A few years ago, I attempted to write a reflection for each day in the season of Lent. I failed miserably. I ended up apologizing for missing days and eventually gave up the idea.
I’m retired now and shouldn’t have that problem. I hope this is the discipline that keeps me engaged. What else have I got to do?
My plan is to use the two-year lectionary cycle, which is the same one my devotional follows. That way, it will be easy to do my daily readings and then reflect on one of the assigned lessons for the day. I’ll provide links for the scripture passages in case you want to read them as well. Just click on the passages above.
Many church congregations create devotionals as a Lenten project. I’ll try to grab one or two and browse through them to see what folks are thinking. They are fascinating to read.
When I was in the parish preparing a devotional was one of our Lenten activities. For me, it was fun. For the parishioners, it was a different story. They struggled with the lessons, trying to make sense out of them. However, at the end of the exercise, many of them were grateful for having made the effort. It was a learning experience that for some, helped open them to new ways of seeing the Word of God. It was a joy for them to be able to make connections with the Bible and their daily life, somewhat like that proverbial light bulb going on in the head.
The reading from Hebrews talks about discipline. “Endure trials for the sake of discipline,” the author writes. In many ways, that is what Lent is – a discipline. And goodness knows that in these times of pandemic, when life as we knew it has been upended, we can all benefit from a good dose of discipline.
The reading begins with the image of a race, “…let us run with perseverance the race that is set before us, looking to Jesus the pioneer and perfecter of our faith.”
Sports analogies best illustrate the necessity of discipline. In order to sharpen any skill, one must practice. What better time is there, then, to begin to sharpen a skill than Lent? It’s also a fortuitous coincidence that tomorrow, February 18, the Cleveland Baseball Team’s pitchers and catchers report for the start of Spring Training.
Cleveland is one of 30 teams that, each year, head off to warmer places to begin training for a season that they hope will bring a championship to their respective city. Eight months later, all but one will be disappointed. No matter how hard each team tries, no matter how many hours they put in on the field, in the batting cage, watching videotape, only one will receive the reward.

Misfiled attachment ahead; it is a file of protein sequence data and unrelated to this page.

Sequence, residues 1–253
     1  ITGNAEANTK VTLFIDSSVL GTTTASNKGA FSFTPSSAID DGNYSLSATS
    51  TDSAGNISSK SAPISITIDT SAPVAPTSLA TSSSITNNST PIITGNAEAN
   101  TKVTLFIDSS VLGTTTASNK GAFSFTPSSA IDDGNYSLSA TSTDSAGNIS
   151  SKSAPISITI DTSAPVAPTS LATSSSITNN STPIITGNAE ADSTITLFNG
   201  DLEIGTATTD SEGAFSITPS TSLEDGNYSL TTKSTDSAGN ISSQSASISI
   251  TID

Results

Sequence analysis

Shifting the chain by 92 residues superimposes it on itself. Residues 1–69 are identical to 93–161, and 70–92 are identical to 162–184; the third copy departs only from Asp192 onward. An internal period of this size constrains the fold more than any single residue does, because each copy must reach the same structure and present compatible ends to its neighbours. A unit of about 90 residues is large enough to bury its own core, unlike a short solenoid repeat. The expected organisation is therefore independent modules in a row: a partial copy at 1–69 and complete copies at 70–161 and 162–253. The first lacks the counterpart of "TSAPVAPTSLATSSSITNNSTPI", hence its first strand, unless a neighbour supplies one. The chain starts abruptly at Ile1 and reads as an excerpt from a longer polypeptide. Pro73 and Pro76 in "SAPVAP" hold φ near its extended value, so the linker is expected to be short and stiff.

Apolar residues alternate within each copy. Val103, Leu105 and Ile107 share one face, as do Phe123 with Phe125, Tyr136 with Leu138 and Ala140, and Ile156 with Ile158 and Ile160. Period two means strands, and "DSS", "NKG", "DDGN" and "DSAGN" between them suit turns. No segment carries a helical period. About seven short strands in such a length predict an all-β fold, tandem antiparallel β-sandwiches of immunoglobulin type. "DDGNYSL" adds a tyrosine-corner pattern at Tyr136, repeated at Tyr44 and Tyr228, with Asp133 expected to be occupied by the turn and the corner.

For the other 29, there’s always the next year, and the next, and the next. If you are a Cleveland baseball fan, you take comfort and consolation in the fact that you came close a few years ago, but you just have to go out every season and try harder.
One of my favorite authors is the Benedictine nun, Sr. Joan Chittister. In her book, Called to Question: A Spiritual Memoir, she suggests that one mistake we often make is to accept perfection as our standard or goal. When we imagine that we will never fail, failure hits hardest. Perfection is an oppressive standard, and no Christian this side of heaven will ever reach it: “The problem, of course, is that we fail. We know ourselves to be weak. We stumble along, being less than we can be, never living up to our own standards, let alone anyone else’s.” [p. 195]
The good news of the gospel is that God does not discard anyone, even if they finish last. Even though we may end up miserable failures. To quote Chittister again: “God knows exactly who we are. God knows our frailty. And God accepts it. And gathers it in. God loves us, not in spite of it, but because of it, because of the effort it implies and the trust it demands.”
And as the writer of Hebrews states: “…discipline always seems painful rather than pleasant at the time, but later it yields the peaceful fruit of righteousness to those who have been trained by it.”
So, like the athlete who will go out today and begin his training regimen, like the baseball players who hope for a title sometime in October, I’m hoping I can be consistent in my daily writing. But if not, I know that you and I are forgiven by a God who loves us, and despite our imperfection, will not let us lose hope, because our journey of 40 days will take us to the cross, and the glory of God’s unending grace!
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